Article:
Little River Band: Cool Changes

Formed in 1974 in Melbourne Australia, Little River Bandworked through many obstacles, and numerous band member changes, to finally achieve the success they craved, only to lose it due to personality conflicts.

In late 1974, using the band name Mississippi, Beeb Birtles, Graeham Goble, Derek Pellicci and Glenn Shorrock met with newly hired talent manager Glenn Wheatley. They had initially tried to break in through the UK market, but that idea was quickly scratched. After much discussion, and also due to the indifferent reception they had each received in the UK, they ultimately decided their new band would need to establish itself in the United States.

As for the name change, Birtles later stated in his autobiography, “Shorrock and I were sitting in the back seat of a car driving down Princes Highway to play a gig at The Golf View Hotel in Geelong. As we passed the Little River exit sign, Shorrock said ‘Little River, that’d be a good song title.’ Within a split second he said, ‘Hey, what about Little River Band?’ We all agreed it was the perfect name for us.”

Wheatley travelled to Los Angeles in December 1975 and touted the group to various record companies until Rupert Perry of Capitol Records signed them on Christmas Eve. Their first and second albums had been released by EMI in Australia and did fairly well there. Their third album, Diamantina Cocktail, released in the US in 1977, and featured the hits Help Is On It’s Way and Happy Anniversary. This was the one that catapulted them into the mainstream market, eventually hitting the #2 spot on the US Billboard charts.

But the magic didn’t happen immediately. Several personnel changes occurred after the band was formed, with the 1976 classic line-up of Birtles, David Briggs, Goble, Shorrock, George McArdle and Pellicci listed as “the band of record.” This was the group of men who were later inducted into the Australian Recording Industry Association (ARIA) in 2004.

Their 4th album, Sleeper Catcher, received somewhat mediocre reviews, but had some commercial success. The album produced two of the band’s hits, Reminiscing and Lady, and was still certified Platinum. 

First Under the Wire was issued as LRB’s fifth studio album in July 1979, and was their second highest charting album, peaking at #10, and producing the singles Lonesome Loser and Cool Change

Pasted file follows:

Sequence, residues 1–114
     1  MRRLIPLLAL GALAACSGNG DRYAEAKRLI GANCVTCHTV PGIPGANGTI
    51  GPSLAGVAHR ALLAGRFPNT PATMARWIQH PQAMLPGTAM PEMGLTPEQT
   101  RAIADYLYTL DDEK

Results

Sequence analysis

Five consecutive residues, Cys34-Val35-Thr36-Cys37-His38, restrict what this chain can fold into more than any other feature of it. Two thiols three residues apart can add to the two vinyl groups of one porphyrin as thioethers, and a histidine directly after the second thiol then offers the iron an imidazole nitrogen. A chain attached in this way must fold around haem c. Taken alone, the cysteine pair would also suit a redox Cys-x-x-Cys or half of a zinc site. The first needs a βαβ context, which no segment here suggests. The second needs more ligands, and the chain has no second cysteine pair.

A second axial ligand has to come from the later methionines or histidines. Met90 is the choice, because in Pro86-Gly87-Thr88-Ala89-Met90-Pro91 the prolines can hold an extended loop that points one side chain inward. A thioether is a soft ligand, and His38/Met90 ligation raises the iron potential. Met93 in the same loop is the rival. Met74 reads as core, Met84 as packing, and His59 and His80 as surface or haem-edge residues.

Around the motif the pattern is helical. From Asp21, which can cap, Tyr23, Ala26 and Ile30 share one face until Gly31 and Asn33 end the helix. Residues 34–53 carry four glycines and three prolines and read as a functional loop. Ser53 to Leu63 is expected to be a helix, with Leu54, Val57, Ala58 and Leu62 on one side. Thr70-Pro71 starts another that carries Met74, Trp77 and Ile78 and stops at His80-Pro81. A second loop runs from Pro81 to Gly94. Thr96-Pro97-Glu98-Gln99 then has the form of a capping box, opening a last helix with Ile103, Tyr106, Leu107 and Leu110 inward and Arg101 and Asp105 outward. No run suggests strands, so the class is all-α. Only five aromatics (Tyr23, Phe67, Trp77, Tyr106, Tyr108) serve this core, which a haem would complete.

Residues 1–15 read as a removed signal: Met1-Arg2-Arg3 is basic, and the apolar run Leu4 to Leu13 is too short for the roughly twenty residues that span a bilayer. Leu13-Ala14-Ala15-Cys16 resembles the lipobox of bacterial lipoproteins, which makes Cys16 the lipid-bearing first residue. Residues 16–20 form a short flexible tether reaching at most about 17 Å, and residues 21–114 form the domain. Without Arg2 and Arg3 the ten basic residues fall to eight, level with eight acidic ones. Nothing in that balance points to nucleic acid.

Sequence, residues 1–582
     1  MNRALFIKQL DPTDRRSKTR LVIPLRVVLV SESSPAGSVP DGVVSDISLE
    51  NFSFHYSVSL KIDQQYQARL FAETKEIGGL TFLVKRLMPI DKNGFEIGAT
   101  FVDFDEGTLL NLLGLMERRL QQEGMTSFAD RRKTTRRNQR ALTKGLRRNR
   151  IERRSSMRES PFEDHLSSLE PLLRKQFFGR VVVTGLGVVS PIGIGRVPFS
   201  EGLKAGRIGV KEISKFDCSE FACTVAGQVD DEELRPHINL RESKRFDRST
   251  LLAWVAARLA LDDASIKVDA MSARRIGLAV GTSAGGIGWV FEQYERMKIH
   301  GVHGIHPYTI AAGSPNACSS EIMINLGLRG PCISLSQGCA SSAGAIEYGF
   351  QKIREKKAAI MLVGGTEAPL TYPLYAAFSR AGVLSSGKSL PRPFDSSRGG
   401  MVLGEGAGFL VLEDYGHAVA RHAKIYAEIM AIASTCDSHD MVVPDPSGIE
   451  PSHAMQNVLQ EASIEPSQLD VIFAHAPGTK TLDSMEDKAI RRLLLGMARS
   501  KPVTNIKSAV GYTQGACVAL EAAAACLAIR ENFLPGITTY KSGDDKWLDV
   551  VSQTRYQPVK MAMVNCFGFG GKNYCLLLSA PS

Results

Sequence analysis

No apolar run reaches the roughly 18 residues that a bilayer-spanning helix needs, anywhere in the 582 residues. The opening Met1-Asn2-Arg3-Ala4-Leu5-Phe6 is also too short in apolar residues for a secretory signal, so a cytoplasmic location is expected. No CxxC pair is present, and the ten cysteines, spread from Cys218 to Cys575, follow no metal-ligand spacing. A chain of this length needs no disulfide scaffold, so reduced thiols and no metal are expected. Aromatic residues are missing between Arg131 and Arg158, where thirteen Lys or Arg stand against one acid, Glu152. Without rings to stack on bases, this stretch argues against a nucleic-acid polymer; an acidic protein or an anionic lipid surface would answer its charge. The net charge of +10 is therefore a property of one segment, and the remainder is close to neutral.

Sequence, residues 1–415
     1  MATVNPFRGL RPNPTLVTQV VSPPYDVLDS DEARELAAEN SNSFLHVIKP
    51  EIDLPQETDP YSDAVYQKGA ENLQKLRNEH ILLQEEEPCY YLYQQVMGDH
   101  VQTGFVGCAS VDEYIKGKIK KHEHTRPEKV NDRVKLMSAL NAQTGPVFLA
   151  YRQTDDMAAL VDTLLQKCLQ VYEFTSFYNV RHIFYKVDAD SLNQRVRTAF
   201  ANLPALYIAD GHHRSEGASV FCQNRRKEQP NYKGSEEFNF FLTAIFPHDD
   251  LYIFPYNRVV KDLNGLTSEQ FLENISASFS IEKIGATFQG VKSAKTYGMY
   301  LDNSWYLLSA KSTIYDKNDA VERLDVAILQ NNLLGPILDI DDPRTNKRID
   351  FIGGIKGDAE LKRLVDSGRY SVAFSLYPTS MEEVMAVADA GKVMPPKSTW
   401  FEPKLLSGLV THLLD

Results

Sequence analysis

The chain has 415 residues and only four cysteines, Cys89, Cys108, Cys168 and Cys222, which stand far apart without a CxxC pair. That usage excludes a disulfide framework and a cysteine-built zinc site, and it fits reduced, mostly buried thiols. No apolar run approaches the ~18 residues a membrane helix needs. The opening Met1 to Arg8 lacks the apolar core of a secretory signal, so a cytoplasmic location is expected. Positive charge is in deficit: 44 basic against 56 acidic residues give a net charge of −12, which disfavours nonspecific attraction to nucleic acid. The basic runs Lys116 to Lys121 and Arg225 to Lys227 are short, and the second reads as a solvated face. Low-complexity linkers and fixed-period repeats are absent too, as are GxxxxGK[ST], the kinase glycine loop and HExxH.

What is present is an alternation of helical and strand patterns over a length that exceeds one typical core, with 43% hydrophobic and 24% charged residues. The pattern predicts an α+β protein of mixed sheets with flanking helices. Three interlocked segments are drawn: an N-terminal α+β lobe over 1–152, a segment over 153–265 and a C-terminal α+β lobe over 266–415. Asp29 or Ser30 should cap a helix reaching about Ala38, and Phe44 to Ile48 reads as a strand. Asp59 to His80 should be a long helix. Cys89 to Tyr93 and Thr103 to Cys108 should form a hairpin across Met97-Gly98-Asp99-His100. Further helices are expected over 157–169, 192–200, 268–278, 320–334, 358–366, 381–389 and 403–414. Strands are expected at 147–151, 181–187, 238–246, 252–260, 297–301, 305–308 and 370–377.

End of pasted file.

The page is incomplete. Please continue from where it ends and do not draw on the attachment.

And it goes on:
But inner tensions between band members had started to simmer way back,  during the recording of their third album. In fact, Birtles, Goble and Shorrock recorded as much of their parts individually as was feasible due to the constant discord. Journalist, Ed Nimmervoll, observed that by February 1978, “frictions inside the band continued to brew, relieved a little by side projects.” As the friction spilled over in the early 80s, band members started to leave in search of a more harmonious working environment.

Most of the group’s 1970s and early 1980s material was written by Goble and/or Shorrock, Birtles and Briggs. The group had undergone numerous personnel changes, with over 30 members since their formation, including John Farnham as lead singer after Shorrock departed, or was asked to leave  in 1982. Depending on who you ask, the story vastly differs. Shorrock insists he left on his own terms; however, other band members have openly stated he was summarily fired after a tremendous blowup at their manager’s house.

The addition of Farnham eased tensions somewhat, but the band never again achieved the popularity of their earlier albums. The band had started taking on a harder, more progressive sound, which failed to engage their earlier fans, and left them disenchanted. Even Shorrock’s return after Farnham left failed to reignite the magic. Band members continued to leave, and be replaced, but the early success was never again achieved. The band continues to record and tour, to this day, however none of the original founding members remain.

In my opinion, this band always felt like they should have been bigger. Their hits were classic and are still played with pronounced frequency to this day in soft rock formats. But their unfortunate inability to work together ruined what could have made them greater. They will always feel like “what might have been” in my mind.

Tami Danielson is the main in-house blogger and Director of Operations for Pop-Daze. She was raised in California and Florida and currently resides in Oregon. Tami has written for a variety of periodicals and has provided digital marketing services for a number of artists. She can be reached at [email protected]